Not long ago, I read the essay “On Being the Right Size” by J.B.S. Haldane. It led me to a collection of his work and a biography by Samanth Subramanian, A Dominant Character. Haldane is as equated with brilliance in England as Einstein is in the United States. But I hadn’t heard of him until I ran into that essay, which I read only because someone else had cited it. In the essay, as I recall, Haldane discusses the sizes of various animals, including elephants, and what would happen if they were dropped from the top of a skyscraper.
Or not. On checking again, I discover that Haldane considers, rather, dropping the animal down a mine shaft. I have never stood on the precipice of a mine shaft, but I have been at the top of a couple of skyscrapers. I suppose the skyscraper would be easier to find but it would be harder to get the animals up there, elevators not being suitable for elephants. The mine shaft would be easier to clean up. Just close the mine, leave the carcasses, a mass grave with direct access, a place upon which to drop flares and point telescopes downward. The pavement, alternatively, would be a mess.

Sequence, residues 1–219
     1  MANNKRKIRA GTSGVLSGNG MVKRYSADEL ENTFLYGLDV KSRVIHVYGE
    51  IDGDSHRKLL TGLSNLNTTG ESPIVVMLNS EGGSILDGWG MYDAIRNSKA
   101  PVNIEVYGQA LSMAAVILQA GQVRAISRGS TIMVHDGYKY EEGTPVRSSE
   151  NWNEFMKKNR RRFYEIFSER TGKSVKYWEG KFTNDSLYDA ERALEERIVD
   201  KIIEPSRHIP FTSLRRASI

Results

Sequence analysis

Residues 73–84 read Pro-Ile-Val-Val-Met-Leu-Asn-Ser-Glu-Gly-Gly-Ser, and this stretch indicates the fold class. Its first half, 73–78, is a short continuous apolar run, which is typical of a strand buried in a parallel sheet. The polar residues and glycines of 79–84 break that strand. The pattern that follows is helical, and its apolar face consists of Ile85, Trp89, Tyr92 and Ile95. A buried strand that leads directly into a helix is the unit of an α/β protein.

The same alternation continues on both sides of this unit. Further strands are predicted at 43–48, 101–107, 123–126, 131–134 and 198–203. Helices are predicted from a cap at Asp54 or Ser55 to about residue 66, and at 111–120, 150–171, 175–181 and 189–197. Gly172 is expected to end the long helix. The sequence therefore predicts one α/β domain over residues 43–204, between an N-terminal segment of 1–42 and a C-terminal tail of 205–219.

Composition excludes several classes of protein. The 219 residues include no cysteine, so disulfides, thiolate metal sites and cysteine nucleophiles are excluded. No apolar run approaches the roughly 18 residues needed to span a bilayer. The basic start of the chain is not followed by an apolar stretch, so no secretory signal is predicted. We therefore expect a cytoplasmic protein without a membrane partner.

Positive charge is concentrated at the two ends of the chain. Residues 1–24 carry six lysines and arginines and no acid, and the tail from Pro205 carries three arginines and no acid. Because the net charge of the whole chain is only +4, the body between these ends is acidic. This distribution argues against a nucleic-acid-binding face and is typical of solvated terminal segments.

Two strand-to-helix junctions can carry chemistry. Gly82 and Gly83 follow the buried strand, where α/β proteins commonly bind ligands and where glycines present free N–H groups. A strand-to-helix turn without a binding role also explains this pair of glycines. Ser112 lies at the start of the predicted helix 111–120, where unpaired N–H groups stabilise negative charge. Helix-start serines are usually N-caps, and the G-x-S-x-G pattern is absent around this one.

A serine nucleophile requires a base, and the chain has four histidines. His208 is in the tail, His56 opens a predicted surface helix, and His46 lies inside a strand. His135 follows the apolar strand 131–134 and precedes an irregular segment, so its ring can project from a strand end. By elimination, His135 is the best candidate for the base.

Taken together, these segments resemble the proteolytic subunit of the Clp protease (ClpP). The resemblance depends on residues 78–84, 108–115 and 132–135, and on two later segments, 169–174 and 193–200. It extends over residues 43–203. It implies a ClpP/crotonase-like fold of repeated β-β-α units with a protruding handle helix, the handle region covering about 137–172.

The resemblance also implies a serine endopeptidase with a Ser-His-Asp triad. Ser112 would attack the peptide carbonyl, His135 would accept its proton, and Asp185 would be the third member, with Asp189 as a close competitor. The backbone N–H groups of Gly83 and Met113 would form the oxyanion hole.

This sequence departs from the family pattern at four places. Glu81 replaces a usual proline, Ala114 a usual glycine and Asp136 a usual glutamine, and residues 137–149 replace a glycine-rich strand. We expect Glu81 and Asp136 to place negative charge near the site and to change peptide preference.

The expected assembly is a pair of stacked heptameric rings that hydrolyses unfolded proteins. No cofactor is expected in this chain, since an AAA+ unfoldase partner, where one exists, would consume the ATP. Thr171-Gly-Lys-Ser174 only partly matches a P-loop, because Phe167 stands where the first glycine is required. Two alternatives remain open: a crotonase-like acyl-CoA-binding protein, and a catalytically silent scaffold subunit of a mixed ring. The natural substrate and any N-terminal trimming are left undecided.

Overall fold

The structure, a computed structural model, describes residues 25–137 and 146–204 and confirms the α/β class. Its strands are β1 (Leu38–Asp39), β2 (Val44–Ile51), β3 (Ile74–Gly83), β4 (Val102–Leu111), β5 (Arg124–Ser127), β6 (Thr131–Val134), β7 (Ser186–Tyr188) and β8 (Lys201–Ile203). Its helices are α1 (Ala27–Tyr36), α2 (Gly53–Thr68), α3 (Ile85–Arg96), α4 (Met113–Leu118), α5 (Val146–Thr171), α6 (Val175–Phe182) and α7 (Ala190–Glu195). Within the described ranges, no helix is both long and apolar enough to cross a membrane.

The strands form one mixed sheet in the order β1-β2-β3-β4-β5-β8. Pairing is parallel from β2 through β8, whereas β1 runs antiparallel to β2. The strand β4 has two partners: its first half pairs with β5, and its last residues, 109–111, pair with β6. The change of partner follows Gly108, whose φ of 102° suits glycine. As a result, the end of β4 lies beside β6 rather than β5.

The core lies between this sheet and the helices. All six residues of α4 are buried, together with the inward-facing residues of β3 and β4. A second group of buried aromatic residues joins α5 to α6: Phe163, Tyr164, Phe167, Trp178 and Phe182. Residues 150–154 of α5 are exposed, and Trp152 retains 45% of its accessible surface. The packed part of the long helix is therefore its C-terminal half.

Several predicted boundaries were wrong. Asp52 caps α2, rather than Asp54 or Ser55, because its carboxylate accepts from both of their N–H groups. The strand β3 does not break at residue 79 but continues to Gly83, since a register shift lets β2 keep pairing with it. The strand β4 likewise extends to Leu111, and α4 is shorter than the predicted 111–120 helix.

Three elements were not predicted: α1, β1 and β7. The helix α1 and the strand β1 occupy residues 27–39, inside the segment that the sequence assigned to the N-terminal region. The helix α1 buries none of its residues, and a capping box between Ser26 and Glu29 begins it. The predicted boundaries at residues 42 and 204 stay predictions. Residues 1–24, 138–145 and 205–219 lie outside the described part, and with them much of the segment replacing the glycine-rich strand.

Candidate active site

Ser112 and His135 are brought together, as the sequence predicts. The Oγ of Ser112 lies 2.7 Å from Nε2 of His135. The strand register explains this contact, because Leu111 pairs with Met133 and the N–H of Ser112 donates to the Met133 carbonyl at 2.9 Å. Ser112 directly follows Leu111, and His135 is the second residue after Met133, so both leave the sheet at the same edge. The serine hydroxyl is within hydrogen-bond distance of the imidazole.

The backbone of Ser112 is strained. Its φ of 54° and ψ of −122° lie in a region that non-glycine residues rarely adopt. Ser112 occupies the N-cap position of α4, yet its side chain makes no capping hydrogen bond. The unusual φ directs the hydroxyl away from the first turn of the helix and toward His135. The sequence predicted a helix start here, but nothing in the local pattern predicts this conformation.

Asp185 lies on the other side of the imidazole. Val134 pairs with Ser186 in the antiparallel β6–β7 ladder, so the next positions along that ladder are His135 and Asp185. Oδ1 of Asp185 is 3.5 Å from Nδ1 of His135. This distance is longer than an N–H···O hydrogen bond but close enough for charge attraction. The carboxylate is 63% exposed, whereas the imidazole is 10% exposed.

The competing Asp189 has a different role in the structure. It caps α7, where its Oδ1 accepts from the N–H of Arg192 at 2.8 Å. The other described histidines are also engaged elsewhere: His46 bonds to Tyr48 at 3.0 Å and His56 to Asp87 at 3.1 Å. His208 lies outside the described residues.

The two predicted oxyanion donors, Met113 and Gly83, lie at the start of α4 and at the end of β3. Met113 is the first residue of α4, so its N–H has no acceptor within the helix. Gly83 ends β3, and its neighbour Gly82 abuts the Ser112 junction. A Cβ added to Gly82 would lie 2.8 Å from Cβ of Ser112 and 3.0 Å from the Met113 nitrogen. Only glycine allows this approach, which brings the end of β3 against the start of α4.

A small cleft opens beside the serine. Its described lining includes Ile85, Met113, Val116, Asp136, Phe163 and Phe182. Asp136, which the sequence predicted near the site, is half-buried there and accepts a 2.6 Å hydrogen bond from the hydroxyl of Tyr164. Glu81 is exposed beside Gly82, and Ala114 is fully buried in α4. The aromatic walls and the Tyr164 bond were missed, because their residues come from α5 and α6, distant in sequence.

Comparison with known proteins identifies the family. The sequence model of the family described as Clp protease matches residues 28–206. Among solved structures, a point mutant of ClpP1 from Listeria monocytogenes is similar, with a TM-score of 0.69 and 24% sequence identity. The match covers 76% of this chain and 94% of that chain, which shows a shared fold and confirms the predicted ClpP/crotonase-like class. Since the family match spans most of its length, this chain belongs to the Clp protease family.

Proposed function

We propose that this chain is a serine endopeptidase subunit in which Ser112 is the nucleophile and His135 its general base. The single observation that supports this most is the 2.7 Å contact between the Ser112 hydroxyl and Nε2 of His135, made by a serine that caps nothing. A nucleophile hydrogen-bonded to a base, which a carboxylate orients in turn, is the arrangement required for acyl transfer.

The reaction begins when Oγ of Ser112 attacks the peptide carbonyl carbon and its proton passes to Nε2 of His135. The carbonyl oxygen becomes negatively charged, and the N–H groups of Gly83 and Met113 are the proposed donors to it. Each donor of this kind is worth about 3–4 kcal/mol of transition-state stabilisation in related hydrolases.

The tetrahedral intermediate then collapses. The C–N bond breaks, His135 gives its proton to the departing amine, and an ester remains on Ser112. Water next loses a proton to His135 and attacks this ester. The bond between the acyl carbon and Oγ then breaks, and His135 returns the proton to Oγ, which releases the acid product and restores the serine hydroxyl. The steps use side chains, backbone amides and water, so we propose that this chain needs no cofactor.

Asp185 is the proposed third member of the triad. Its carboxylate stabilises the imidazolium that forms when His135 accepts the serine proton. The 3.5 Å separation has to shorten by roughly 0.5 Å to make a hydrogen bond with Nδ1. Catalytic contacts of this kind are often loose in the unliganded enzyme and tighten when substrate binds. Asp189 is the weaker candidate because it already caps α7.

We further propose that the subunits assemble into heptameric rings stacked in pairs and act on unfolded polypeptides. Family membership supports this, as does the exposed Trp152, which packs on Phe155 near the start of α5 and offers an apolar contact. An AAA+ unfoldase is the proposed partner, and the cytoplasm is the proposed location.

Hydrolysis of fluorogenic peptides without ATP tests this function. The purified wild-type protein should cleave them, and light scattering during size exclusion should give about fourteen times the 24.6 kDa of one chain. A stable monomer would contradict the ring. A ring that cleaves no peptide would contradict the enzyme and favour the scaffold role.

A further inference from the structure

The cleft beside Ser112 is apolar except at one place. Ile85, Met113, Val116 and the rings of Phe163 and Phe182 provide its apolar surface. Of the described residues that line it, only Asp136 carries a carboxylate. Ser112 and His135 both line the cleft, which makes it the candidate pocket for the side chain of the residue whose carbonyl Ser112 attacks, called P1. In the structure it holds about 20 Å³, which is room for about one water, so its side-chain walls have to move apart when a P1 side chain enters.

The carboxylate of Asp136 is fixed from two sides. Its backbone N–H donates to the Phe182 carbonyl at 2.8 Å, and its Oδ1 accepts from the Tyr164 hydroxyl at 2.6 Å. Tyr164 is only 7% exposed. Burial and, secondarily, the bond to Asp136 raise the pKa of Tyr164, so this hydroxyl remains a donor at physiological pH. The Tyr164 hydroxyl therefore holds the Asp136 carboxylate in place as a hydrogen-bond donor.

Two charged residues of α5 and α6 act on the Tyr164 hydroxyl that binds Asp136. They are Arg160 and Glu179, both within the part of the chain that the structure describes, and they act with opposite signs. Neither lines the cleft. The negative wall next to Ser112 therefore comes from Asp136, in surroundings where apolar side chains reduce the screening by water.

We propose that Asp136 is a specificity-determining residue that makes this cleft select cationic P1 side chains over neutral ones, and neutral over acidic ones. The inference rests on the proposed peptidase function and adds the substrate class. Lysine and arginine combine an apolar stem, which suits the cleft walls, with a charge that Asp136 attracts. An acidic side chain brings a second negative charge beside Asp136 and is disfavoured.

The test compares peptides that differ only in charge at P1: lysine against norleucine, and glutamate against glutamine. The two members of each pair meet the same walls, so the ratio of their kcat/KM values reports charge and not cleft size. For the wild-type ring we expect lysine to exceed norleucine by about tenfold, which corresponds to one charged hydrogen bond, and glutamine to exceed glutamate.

Haldane writes that one “can drop a mouse down a thousand-yard mine shaft; and, on arriving at the bottom, it gets a slight shock and walks away. A rat is killed, a man is broken, a horse splashes.” Holy shit. A horse splashes. It’s the most violent thing I have ever read and I have read some terrible things.
Is the difference between a mouse and a rat so great?
Is the man simply broken? Broken things can be mended. A man is obliterated, presumably. The important parts at least. The body may be recognizable, I suppose, way down there, but who is going down to look? Drop him onto the street and someone will amble over to see who it is, horrified but curious.